June 29, 2017 // 7 a.m.
In the face of two large-scale ransomware outbreaks affecting its operating systems so far this year, Microsoft has announced how it is working to improve Windows' defences: Windows Defender's Controlled Folder Access feature.
Following the launch of the PetrWrap ransomware earlier this week - an attack which Anton Ivanov and Orkham Mamedov at Kaspersky have suggested may not have been ransomware at all but a targeted data-destruction attack disguised as such - and WannaCry in May, Microsoft has been under pressure to bolster the security of its operating systems. Although the company has been working to patch the holes - leaked to the public as part of a cache of vulnerabilities the US National Security Agency had discovered but not disclosed to vendors - with security updates for the specific vulnerability used and a shift away from the vulnerable SMBv1 file-sharing protocol, Microsoft has also been working on something to help protect against ransomware attacks in general rather than these attacks specifically: Windows Defenders' Controlled Folder Access.
Announced late last night by Microsoft's Dona Sarkar as part of the changes available to Windows Insider beta testers as part of Windows 10 Build 16232, Controlled Folder Access borrows a concept more commonly seen in the mobile realm: assigning rights to specific applications. Traditionally, the ability to read or write from a particular directory is set at two levels: the user level, which allows or denies individual users; and the group level, which allows for a set of users to be permitted or restricted. Controlled Folder Access adds a third level to this hierarchy: application access, allowing directories to be set so that only selected applications are allowed to access the files therein.
'Controlled folder access monitors the changes that apps make to files in certain protected folders,' Sarkar explains of the new functionality. 'If an app attempts to make a change to these files, and the app is blacklisted by the feature, you’ll get a notification about the attempt. You can complement the protected folders with additional locations, and add the apps that you want to allow access to those folders.'
The list of applications and folders to protect is at least partially under Microsoft's control: Microsoft has confirmed that the feature works using an internal whitelist of applications 'determined by Microsoft as friendly,' and while users can force Windows to grant access to an application otherwise blocked there's no option to manually block an application which would otherwise be allowed. A preset selection of protected folders - including the Desktop, Documents folder, and the Pictures and Movies sub-folders - can also not be modified, though additional user-specified folders - including network shares and mapped drives - can be added.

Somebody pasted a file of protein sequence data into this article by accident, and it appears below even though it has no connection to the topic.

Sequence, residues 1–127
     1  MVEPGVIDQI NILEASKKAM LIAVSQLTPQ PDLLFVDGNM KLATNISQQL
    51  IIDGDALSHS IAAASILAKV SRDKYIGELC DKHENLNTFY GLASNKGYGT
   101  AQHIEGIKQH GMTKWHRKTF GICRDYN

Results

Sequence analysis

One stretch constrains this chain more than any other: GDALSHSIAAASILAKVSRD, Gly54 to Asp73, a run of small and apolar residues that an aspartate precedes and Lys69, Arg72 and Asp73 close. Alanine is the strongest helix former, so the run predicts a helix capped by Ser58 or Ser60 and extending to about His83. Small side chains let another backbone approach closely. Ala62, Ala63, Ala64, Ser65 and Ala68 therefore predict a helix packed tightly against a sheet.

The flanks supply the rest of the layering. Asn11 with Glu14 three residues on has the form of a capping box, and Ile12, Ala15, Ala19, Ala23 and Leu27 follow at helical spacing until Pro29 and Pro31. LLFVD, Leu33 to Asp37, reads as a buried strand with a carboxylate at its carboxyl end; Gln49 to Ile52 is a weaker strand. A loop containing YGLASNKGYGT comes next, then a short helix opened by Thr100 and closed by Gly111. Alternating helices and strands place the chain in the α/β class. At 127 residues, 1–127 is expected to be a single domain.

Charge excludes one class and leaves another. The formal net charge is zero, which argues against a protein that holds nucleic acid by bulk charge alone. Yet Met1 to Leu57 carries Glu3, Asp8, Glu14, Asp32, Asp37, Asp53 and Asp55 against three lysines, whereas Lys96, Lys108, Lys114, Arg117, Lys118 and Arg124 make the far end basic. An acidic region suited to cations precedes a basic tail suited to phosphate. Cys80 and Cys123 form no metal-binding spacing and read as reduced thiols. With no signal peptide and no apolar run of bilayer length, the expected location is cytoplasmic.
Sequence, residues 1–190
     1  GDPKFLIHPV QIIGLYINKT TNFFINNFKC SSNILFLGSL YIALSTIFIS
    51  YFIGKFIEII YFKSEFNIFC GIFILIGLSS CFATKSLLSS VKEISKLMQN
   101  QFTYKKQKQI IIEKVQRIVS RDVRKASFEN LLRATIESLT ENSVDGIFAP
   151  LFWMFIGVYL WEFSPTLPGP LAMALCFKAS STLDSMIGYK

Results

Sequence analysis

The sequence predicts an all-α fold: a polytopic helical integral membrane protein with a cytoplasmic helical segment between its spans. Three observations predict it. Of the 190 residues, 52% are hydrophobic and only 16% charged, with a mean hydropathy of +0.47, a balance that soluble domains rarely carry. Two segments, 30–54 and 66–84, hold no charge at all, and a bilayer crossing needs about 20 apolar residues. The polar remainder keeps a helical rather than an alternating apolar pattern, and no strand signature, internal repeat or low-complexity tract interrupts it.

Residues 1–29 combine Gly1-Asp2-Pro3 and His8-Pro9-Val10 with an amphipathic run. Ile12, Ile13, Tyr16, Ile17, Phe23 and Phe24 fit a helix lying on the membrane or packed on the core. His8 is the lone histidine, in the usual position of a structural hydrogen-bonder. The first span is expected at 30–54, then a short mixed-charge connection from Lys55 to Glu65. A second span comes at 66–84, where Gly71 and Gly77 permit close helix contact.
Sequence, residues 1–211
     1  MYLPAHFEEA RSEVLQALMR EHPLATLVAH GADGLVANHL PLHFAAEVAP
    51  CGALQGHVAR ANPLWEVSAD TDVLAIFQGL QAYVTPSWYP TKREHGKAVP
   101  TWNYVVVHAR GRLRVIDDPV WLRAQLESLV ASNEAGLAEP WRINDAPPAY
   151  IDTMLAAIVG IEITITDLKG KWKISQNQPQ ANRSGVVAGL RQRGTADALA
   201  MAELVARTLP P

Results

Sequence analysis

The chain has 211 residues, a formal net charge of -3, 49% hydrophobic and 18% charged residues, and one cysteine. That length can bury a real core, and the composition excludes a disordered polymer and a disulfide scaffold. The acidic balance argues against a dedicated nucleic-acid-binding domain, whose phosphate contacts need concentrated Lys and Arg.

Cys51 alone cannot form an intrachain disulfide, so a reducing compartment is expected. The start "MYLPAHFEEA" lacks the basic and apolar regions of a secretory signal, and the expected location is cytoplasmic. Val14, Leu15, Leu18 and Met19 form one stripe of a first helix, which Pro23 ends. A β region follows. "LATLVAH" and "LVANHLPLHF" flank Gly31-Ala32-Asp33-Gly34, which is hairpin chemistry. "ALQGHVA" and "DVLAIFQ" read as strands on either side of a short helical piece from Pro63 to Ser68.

The feature, providing it works at a low enough level, should go some way to help protect users' files from ransomware attacks which silently encrypt files in the background before popping up a demand for payment in exchange for the decryption key. Sadly for those so affected, it's usual that payments result in no such key being provided and the files remaining encrypted - meaning the only possible recovery from such an attack is to recover from a known-clean backup.
Additional new features added to Windows 10 Build 16232, available to Windows Insider members now, include fixes for various bugs and glitches, improvements to the Windows Defender Application Guard for better protection against attacks exploiting the Edge browser, and exploit protection in the Windows Defender Security Centre as a replacement for the soon-to-be-deprecated Enhanced Mitigation Experience Toolkit (EMET). Known issues include a potential 0x80070643 error on upgrading, which Microsoft says it is investigating, and crashes on selected Universal Windows Platform (UWP) applications.
The new security features are due for general release as part of the Fall Creators Update later this year, Microsoft has confirmed